What in the world is Microsoft Office Lens? Well, it is a new app that will turn your phone into a scanner- how cool is that? Microsoft Lens has been limited to Microsoft Windows phones but it has launched on iOS and has a preview for Android users- you can get the beta. So for those of us without a Windows phone, what does this mean? It means that you can now scan receipts, business cards, sticky notes and place it into a OneNote account as well as other locations.
For iOS users, it is quite simple to use and install. First, go to iTunes and download Microsoft Lens (it is free). Then install and start the app. You will have to give the app permission to access your camera. When you begin the app, the default view is a live camera viewfinder. You can select on of the following options: photo, document or whiteboard as your image type. After you select the image type, you point the camera and “capture” the image you want to see. When you are using the app, it will try and frame the image as you move the phone around the image, document or whiteboard. Once you have the image you want, you hit the shutter button. After you hit the shutter button, you can preview the image. In preview, you can crop or save if you are ready. You choose your destination- if you use OneNote, you will either need to setup account or sign into your account. If you want to use EverNote, you will have to use another “scanner.” Also, you can save the file to OneDrive or to another program such as Word. Also, you can export the scanned file to email it or turn the image into a PDF file.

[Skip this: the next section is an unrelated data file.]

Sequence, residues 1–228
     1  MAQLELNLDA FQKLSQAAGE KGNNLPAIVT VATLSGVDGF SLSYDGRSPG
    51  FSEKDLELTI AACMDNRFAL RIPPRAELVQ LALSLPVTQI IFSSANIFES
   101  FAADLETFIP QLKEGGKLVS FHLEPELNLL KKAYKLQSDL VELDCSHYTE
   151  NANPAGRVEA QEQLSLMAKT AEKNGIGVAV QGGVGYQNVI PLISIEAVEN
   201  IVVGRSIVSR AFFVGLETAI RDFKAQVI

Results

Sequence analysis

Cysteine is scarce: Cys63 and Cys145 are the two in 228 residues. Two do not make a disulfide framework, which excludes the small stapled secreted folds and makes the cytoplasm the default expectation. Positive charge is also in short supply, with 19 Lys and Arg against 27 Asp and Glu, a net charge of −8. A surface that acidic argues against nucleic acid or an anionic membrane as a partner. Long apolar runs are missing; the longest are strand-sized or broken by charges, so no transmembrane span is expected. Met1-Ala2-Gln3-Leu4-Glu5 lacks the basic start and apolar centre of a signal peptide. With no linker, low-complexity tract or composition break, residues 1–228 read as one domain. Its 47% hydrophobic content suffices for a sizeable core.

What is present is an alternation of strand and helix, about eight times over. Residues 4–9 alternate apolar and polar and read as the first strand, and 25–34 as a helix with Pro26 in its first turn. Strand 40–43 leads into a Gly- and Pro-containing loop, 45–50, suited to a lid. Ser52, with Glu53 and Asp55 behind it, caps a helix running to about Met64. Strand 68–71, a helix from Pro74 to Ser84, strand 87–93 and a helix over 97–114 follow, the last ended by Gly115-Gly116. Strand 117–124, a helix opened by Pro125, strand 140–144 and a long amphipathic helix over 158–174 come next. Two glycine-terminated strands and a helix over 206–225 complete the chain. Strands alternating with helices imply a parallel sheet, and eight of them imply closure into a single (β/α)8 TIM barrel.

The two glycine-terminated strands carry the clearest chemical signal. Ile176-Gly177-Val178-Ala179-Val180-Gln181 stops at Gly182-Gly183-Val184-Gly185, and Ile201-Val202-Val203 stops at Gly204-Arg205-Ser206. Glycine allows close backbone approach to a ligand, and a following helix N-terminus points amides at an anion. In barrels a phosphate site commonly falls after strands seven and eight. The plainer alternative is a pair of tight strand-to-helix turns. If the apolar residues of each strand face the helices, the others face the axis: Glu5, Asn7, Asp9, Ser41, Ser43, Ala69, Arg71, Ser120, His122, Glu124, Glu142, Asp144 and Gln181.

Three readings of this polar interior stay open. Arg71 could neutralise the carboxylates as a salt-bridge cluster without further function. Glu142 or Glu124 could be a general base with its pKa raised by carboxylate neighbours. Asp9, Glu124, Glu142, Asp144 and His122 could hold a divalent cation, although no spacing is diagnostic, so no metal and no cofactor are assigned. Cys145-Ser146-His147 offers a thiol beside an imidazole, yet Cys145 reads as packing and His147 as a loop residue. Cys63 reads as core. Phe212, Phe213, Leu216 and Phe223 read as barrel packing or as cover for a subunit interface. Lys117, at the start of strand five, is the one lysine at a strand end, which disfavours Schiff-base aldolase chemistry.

A drawback to Microsoft’s Lens is that you cannot scan more than one thing at a time. Also, there is no way to classify your scans. You can set up individual folders to help you with classification and you can just scan each one individually. The reviews for the app are decent, with just a few complaints- like the fact you can only scan one receipt at a time.
Most liked the ability to edit right then and there and not having to wait to edit the image, or not being able to edit the image at all.
Microsoft Lens seems easy to use and could be a great asset if you have a small business or travel for business. With technology today, it is about time for a good scanner/smartphone camera app to appear on the market. As the use of smartphones for all aspects of our lives, it will be necessary for apps such as Microsoft Lens. I just hope that the apps will expand to accept scanning of grouped items in one scan, the ability to categorize your newly scanned files as well as automatically filing the information based on file name. No matter what, Microsoft Lens’s venture into the world of iOS and Android will benefit Microsoft and users alike.